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Ben Delarre
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Ben Delarre

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Trying to figure out a power system for this years ridiculous Burning Man project, wondering if you guys might be able to offer some thoughts.

I have a current draw for my piece of somewhere between 2 and 6 amps at 12v. (1.8amps of that is LEDs through a 5v regulator, the other is stepper motor draw so 3amps when engaged and 0 when off hence the wide range).

I have a generator which I can use to power the piece, but its tank only lasts about 8hrs and I'd like the piece to run day and night if possible. Now I could just get off my ass and fill it up 3 times a day, but that would be unpleasant, so I'm considering the following setup.

Generator -> 15A 12v Battery Charger -> 115ah Deep Cycle battery -> 30ft of 12awg speaker wire -> into the piece, 12v tapped directly for steppers, 5v 10A regulator for everything else (input range of 12-24v for the regulator so it should be ok when the charger kicks up the voltage).

That way when the generator runs out of the fuel the battery should be able to keep me going for a good few hours and I can fill up twice a day rather than 3 times.

Is there any fault in this logic? Anyone done this sort of thing before?
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PaulStoffregen's profile photocrispin soFat's profile photoBen Delarre's profile photoLuminous Elements's profile photo
21 comments
 
That's less than 50% DoD; you'll be fine as long as it gets a charge each day.
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Ben Delarre

Discussion  - 
 
Another year another burning man project. Not got anything to show yet (soon maybe). But I have a question about the dithering in fastled vs fadecandy.

Fastled on a teensy 3.1 is usually my goto for this sort of thing. I have around 350 ws2812 LEDs to drive and I know it will do the job in a single strip just fine. Makes wiring easy.

My question is would I actually get any better visible fading effects with fadecandy? Or could I achieve the same with fastled dithering and limiting my strip length to 64 pixels?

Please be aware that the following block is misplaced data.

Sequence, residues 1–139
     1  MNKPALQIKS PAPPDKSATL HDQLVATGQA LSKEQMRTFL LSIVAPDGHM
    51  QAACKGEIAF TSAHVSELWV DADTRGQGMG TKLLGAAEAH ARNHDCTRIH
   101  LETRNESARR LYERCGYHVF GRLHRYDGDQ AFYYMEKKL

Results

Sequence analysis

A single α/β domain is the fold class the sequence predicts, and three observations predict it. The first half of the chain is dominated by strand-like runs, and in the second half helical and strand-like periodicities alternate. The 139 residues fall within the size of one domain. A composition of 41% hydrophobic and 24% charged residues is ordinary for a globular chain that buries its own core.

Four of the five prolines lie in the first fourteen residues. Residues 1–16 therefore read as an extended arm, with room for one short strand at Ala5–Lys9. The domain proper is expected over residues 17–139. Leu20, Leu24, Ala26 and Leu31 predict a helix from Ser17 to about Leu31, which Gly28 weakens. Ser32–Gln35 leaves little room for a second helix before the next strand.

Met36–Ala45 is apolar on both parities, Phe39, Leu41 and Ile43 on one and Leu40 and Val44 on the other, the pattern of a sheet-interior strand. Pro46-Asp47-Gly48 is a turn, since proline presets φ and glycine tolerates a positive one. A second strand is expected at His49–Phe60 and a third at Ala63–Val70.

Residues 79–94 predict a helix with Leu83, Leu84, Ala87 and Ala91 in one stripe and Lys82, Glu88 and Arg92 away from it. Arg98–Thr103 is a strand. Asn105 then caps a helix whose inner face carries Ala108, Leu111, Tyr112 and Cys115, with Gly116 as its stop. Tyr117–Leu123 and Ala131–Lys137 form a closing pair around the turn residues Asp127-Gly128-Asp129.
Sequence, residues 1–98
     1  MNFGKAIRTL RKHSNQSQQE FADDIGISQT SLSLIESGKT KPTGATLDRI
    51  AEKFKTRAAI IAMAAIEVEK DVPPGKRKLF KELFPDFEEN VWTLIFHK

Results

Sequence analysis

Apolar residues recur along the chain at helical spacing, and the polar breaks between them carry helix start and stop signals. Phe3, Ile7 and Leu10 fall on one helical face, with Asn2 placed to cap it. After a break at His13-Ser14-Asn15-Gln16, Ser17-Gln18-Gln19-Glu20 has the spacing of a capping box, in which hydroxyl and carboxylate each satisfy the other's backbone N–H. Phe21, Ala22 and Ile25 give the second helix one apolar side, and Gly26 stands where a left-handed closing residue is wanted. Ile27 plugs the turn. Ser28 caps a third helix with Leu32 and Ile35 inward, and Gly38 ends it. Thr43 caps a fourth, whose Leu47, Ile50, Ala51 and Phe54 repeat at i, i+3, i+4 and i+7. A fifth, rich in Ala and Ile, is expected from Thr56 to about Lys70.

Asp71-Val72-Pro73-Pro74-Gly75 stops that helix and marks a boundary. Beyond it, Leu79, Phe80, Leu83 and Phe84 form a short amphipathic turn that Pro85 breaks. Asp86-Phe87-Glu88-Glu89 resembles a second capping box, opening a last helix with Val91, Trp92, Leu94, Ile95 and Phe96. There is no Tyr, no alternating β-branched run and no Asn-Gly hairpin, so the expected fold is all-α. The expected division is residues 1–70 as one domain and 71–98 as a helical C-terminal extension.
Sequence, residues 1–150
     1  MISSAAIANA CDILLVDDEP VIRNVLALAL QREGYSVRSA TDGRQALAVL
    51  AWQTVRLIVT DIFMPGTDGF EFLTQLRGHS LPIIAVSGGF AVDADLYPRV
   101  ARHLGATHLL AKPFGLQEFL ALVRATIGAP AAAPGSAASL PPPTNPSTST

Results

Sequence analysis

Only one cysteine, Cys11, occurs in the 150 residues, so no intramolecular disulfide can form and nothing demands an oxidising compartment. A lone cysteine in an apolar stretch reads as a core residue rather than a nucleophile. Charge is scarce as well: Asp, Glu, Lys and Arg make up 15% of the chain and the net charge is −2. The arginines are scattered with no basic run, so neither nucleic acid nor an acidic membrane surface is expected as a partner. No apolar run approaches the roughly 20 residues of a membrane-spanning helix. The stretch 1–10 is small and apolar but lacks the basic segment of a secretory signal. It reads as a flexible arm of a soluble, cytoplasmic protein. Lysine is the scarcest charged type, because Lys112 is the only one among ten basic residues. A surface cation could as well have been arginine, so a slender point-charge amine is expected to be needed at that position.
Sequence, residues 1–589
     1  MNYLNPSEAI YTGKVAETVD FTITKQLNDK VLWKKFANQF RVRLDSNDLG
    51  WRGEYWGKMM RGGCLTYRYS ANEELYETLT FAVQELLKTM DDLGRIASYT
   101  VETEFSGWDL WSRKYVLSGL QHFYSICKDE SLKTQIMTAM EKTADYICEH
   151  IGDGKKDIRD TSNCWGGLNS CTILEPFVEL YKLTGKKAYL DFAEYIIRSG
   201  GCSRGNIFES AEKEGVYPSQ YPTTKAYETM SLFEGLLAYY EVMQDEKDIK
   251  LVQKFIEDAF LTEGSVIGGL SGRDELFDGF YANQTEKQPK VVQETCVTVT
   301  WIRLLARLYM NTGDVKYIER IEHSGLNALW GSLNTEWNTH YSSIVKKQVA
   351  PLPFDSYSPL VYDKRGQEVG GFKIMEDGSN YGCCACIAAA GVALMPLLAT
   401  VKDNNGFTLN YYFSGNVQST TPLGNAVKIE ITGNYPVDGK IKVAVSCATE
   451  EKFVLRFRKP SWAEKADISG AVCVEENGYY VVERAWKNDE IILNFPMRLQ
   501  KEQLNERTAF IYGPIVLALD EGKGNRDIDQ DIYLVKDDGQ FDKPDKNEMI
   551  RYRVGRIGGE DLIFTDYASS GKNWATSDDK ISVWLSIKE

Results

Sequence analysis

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Daniel Garcia's profile photoBen Delarre's profile photo
7 comments
 
Hmm. That is tempting yeah I guess it's just a bit more wire really. Guess I will give fadecandy a go.
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Ben Delarre

Show and Tell  - 
 
Finally happy with this print quality!

After gluing my bowden adapter ring back into its housing and tweaking my bowden path a little, and also reducing my retract speed (3600mm/min is too much even for the might bondtech!).

Generally pretty happy with this result now, I have a couple of small holes in the top layer near the front right of the bow, not quite sure how they're sneaking in, perhaps my filament is slightly smaller than I specified, and there was one random string when the head moved from the tip of the bow to the cabin area, again not sure what caused that but I think mostly an anomaly. Good enough now though I think!

Tips for those tuning:

1) If you think you got your E steps right the first time, think again, go back and try again. Mine was out by almost 4% even though I could have sworn it was correct last time I set it.

2) Use Eric Liens settings, they're good:

0.5mm extrusion width
5.5mm retraction distance
-0.1 extra restart distance
1500 retraction speed
0.2mm coast

If you're using Simplify3d, use the 'Only retract when crossing open spaces', and 'Force retraction between layers' settings also.